Minnesota Anesthesia Services

Steroids for Perioperative and Postoperative Shivering

Anesthesia and surgery can cause a dramatic decline in core temperature, which naturally induces shivering. This is the physiological response to a decrease in body temperature involving involuntary muscle contraction in an effort to raise metabolic heat production.1 However, perioperative shivering is associated with delayed wound healing, increased oxygen consumption, catecholamine secretion, and carbon dioxide production which can result in hypoxemia, a risk factor for myocardial ischemia.2 Shivering after spinal anesthesia is a relatively common occurrence, with a reported incidence of up to 65%. Researchers believe this is due to the characteristic of spinal anesthesia where vasodilation is induced; this state prompts a redistribution of heat from the core to peripheral tissues, providing the perfect environment for shivering and hypothermia.2 Management of perioperative or postoperative shivering is valuable for patient outcomes, and researchers have studied pharmacological treatments for it, such as steroids.

In 2022, a group of researchers from Ethiopia put together guidelines for the prevention and management of shivering after spinal anesthesia, with data collected from 18 RCTs, two systematic reviews, and one prospective cohort study, conducted all over the world. They concluded that several available pharmacological treatments can be used to prevent and manage perioperative and postoperative shivering.2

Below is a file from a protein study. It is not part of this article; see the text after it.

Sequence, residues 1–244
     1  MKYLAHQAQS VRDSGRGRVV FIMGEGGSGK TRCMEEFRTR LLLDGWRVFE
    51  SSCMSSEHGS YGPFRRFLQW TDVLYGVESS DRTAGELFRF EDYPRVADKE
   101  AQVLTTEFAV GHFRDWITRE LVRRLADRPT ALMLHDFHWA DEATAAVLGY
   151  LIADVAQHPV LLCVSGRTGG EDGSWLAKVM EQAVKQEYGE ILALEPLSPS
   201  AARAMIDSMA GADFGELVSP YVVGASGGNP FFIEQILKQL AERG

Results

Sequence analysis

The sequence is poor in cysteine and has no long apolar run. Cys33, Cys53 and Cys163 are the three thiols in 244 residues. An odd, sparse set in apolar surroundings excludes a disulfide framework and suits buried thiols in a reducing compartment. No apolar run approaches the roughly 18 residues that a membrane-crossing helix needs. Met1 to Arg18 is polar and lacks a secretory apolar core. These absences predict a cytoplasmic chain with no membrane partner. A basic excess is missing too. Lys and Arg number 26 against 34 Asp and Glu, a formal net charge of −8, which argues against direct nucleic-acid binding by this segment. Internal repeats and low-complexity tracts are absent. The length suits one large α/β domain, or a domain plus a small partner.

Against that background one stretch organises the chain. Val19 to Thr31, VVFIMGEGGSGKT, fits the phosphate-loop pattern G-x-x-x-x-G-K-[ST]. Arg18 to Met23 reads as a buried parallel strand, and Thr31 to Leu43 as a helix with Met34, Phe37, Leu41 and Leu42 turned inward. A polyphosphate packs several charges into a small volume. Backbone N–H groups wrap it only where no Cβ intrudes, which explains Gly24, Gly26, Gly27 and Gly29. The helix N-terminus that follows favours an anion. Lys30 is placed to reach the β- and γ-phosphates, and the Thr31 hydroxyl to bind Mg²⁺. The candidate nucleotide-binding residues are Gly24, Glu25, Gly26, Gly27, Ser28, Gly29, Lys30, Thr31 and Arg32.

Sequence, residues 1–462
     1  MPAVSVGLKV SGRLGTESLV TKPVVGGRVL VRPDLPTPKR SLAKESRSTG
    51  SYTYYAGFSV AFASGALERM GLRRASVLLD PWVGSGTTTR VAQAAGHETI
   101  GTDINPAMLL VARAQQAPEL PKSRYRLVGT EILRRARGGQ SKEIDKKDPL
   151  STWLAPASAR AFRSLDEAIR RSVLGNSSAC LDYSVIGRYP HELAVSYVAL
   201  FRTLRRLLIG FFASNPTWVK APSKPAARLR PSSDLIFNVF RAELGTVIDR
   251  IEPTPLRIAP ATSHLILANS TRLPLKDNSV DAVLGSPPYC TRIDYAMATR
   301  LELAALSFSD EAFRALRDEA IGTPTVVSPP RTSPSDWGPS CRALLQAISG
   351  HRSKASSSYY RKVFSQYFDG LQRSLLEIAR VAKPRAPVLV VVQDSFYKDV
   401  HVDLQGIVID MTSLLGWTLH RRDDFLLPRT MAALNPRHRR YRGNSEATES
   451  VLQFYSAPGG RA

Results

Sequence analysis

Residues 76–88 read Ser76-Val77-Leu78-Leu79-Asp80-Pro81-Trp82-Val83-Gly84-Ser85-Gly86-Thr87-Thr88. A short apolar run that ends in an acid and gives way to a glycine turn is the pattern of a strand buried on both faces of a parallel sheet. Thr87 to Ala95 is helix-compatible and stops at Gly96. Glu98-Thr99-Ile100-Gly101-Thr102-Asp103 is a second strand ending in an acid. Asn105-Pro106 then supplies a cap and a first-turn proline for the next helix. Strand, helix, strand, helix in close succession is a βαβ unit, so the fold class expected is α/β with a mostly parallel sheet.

Ketamine, a competitive NMDA receptor antagonist, likely inhibits shivering through its actions on the hypothalamus. This neural structure has been colloquially named, “the body’s thermostat,” for its control of body temperature.3 Being an NMDA antagonist, ketamine can modulate noradrenergic neurons in several neural regions, including the locus coeruleus, which is known to be involved in arousal.4 The downstream β-adrenergic effects, which include increased heart rate, enhanced contraction, and faster relaxation, can also play a significant role in reducing shivering.5 On the clinical side, several studies report ketamine can successfully prevent perioperative shivering after spinal anesthesia.2,4 

Dexamethasone is a steroid that prevent shivering through its anti-inflammatory actions.6 Generally, steroids are anti-inflammatory and immune-suppressing, making them candidate drugs for perioperative shivering. Dexamethasone inhibits the release of vasoconstrictors and pyrogenic cytokines, which assist in decreasing the temperature gradient throughout the body.2,7 The 2022 guidelines list several studies which recommend dexamethasone for use in perioperative settings to prevent shivering.2 In a study with 120 patients undergoing surgery with general anesthesia, the group receiving very low doses of dexamethasone had a shivering rate of only 10%, compared to 48% of controls.7 Previous literature had noted detrimental side effects appearing with higher dosages; therefore, this study confirms low-dose dexamethasone is still effective at reducing perioperative shivering.